‘Rainmaker #1:’ Comic Book Review

The truth is out there.

There is a lot of The X-Files going on in the first issue of Rainmaker, mixed in with a judicious (yet very Canadian) amount of Predator.  Captain Rainmaker is a bada$$'s bada$$, and he gets called to Afghanistan to investigate some very weird disappearances.  Without much to go on, it seems he'll be on his own, trying to untangle and wrangle whatever kind of ethereal critter they've got mucking about in a war zone.

This first issue comes in two parts: a prologue and the story proper.  The prologue is built as a cold open, giving us an intro to some sort of creature, and the way that it wreaks havoc on an innocent who then falls into the laps of terrible men.  The second half gives us the intro to our true story and does so with a deliberate and steady pace.  This issue is more about the world building than anything; we're granted a look inside of the character's relationships almost as much as the mystery at hand.  Capt. Rainmaker seems to be the OP Rambo-style character, his quiet expertise leading all the others to stumble and buck before him while he calmly takes charge of the situation.  There's not a lot of this issue that stands outside of tropes, but it's only the first one and the methods in which the story is unfolded are well worth the read.  It's solid storytelling that ought to be checked out.

The visual style was a bit jarring to me, built on a photo-realistic aesthetic but with character profiles that almost become cartoonish.  I couldn't help thinking of South Park animation when they use actual images for famous characters.  The blurring of the realism lends a mystique to the book and allows for the eye to play tricks on the reader's mind, keeping them off balance as they work through the plot.  There is one great, gory splash page that will take you by surprise, and it's all predicated on the atmospheric feel and the tension in both art and story to that point.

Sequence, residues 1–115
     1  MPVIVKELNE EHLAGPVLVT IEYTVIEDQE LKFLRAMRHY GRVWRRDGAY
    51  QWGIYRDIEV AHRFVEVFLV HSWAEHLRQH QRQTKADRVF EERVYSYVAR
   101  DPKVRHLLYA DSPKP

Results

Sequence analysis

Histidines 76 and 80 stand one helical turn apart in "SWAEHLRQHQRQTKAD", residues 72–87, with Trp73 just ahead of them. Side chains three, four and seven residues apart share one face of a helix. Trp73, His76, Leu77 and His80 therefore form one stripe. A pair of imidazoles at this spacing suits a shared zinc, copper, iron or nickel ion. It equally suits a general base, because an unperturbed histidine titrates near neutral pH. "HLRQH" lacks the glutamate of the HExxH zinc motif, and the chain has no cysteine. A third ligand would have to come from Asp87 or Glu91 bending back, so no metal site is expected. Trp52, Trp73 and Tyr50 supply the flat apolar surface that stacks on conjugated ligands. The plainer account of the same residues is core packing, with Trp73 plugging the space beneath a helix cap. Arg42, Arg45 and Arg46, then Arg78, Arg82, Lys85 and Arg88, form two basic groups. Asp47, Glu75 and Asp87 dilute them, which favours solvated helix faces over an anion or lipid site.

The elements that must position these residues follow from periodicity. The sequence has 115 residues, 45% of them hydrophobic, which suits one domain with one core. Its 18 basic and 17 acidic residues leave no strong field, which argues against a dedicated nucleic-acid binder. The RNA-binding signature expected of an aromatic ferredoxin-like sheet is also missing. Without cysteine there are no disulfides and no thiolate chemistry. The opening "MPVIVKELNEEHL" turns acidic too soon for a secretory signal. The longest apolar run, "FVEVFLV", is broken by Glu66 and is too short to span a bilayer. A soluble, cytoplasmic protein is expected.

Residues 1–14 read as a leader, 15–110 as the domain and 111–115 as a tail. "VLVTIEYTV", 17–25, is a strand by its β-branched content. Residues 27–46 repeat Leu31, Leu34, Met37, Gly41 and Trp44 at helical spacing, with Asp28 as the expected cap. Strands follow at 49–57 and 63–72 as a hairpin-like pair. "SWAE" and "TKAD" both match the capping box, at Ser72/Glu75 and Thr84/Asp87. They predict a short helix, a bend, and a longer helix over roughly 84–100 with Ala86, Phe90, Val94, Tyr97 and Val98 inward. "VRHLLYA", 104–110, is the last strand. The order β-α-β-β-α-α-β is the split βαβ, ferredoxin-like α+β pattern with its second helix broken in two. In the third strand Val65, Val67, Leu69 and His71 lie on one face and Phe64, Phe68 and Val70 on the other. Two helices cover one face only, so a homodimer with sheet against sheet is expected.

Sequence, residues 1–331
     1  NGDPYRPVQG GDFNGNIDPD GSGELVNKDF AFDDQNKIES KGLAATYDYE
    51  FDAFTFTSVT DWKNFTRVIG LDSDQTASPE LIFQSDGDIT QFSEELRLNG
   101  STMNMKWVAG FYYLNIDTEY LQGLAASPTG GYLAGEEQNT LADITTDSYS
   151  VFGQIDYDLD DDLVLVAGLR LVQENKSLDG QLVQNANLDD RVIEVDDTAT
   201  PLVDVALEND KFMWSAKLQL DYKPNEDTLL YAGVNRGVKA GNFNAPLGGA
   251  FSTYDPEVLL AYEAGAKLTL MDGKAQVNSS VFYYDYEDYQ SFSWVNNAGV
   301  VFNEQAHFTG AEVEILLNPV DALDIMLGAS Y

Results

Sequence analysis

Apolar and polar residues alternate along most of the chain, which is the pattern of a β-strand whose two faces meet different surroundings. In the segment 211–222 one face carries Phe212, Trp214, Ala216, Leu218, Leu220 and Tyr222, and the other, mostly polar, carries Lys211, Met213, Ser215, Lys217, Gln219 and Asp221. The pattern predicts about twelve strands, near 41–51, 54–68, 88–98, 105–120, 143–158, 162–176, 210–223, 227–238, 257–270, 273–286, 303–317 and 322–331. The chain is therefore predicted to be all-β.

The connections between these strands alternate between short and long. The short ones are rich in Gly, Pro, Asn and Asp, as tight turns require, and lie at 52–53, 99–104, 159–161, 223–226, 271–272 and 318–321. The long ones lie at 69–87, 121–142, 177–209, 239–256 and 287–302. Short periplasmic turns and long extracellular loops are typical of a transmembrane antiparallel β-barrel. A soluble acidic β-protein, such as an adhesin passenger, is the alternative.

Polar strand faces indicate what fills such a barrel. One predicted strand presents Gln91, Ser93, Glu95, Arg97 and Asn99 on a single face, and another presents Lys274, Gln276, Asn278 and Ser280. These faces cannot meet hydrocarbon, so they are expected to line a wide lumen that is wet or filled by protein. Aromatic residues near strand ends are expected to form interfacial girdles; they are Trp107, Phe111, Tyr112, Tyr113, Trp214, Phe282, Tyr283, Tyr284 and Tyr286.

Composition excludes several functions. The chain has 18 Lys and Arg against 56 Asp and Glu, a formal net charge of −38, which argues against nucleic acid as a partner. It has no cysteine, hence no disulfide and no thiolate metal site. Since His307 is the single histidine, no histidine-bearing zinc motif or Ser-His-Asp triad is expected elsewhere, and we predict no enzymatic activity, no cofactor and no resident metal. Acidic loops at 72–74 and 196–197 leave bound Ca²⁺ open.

I really dig this idea; it feels as if Billy from Predator was on the hunt alone, and that stoic certainty of action and dedication makes for a great character to root for.  I like the method of weird that the creative team is grooving with, and as with any monster book worth its salt, I already want more.

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Creative Team:  David William Daniel Thomas (Writer), Raymond West (Art & Lettering Prologue, Art Written in the Wind), Daerick Gross Sr. (Lettering & Art Direction Written in the Wind)
Publisher: Markosia Enterprises
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